Autumn Statement could bring reform to inheritance tax and stamp duty
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The government is reported to be considering cuts to both inheritance tax (IHT) and stamp duty as “options” for its Autumn Statement on 22 November. There is hope that this move could prove popular with voters while also stimulating economic growth.

Chancellor Jeremy Hunt has previously stated that he would not introduce “any tax cut that is going to fuel inflation”. However, reducing IHT and stamp duty would be less inflationary than cutting, for example, income tax or national insurance.

The hope would be that a reduction in stamp duty could boost a sluggish housing market, while changes to IHT could attract voters in key constituencies.

IHT is currently charged at 40 per cent over the tax-free threshold of £325,000. Options could include increasing the threshold, which has remained static since 2009, or lowering the headline rate.

Industry insiders have reacted with interest to the possible changes. Speaking to This is Money, Shaun Moore, tax and financial planning expert at Quilter, said: “Making moves to modernise inheritance tax could be a real rabbit out of the hat moment for Jeremy Hunt at the Autumn Statement. Despite IHT being paid by only 4 per cent of the nation it is a tax that many people find egregious.”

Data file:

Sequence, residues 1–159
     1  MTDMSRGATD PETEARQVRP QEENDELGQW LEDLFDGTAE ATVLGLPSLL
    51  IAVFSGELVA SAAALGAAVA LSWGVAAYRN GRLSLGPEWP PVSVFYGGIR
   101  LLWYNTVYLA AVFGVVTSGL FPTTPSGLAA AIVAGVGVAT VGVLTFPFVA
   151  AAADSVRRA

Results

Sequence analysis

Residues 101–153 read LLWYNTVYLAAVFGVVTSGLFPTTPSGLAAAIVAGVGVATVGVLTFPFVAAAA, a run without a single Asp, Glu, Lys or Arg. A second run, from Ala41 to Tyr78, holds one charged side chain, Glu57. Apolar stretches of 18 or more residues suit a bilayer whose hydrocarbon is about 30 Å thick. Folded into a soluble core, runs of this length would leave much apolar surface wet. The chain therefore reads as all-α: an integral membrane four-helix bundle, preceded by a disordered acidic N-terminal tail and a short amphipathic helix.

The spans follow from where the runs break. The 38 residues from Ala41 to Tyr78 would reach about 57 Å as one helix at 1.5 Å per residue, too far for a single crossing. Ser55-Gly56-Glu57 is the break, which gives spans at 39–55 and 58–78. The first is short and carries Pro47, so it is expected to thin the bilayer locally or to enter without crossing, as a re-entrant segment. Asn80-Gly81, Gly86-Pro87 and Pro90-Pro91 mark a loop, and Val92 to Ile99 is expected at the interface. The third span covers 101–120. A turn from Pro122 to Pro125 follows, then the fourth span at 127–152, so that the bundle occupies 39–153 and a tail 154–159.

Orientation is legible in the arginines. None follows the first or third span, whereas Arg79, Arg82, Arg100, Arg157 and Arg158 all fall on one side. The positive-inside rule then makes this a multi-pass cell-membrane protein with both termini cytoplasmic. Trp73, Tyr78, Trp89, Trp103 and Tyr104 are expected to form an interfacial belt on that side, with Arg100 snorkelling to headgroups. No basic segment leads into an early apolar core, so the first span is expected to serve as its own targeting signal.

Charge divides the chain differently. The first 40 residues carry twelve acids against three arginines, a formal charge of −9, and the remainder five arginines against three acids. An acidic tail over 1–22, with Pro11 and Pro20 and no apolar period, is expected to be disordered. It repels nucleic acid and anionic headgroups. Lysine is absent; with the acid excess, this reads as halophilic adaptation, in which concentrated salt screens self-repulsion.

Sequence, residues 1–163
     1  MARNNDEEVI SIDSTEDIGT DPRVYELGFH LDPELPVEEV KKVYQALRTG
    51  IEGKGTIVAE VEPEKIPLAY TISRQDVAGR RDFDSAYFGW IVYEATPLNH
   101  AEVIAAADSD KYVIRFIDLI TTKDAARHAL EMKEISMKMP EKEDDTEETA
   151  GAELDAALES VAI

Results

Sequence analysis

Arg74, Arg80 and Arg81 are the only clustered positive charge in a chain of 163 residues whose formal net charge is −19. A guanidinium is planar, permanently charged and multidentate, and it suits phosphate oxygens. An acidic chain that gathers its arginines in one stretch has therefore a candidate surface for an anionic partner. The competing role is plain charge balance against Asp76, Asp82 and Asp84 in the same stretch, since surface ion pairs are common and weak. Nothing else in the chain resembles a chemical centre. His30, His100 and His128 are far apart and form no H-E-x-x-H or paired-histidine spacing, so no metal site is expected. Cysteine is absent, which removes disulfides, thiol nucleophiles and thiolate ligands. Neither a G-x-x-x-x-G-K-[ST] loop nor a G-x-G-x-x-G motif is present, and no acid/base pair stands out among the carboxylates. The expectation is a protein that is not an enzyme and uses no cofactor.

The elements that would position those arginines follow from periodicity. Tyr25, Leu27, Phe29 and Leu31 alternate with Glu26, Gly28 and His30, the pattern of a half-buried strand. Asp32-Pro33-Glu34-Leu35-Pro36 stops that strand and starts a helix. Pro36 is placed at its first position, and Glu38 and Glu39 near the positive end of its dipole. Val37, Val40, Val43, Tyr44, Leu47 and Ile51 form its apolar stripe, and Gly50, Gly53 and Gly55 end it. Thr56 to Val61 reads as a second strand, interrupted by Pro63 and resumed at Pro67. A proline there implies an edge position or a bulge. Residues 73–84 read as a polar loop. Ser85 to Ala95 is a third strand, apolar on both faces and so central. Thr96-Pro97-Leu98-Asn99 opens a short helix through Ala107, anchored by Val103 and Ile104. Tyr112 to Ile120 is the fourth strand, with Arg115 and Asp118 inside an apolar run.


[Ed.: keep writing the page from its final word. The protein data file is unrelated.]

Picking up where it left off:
Sian Steele, head of tax at wealth manager Evelyn Partners, added: “The nuclear option of abolishing inheritance tax, which has been reported as under consideration in government, would certainly grab some headlines, but seems more likely as a manifesto promise.

“It’s worth noting that while this might be seen as a possible tax giveaway to appease older and wealthier voters, it is actually the possibly-not-so-wealthy children and grandchildren of today’s retired savers who would benefit – as it is the beneficiaries of an estate who pay the inheritance tax bill.”

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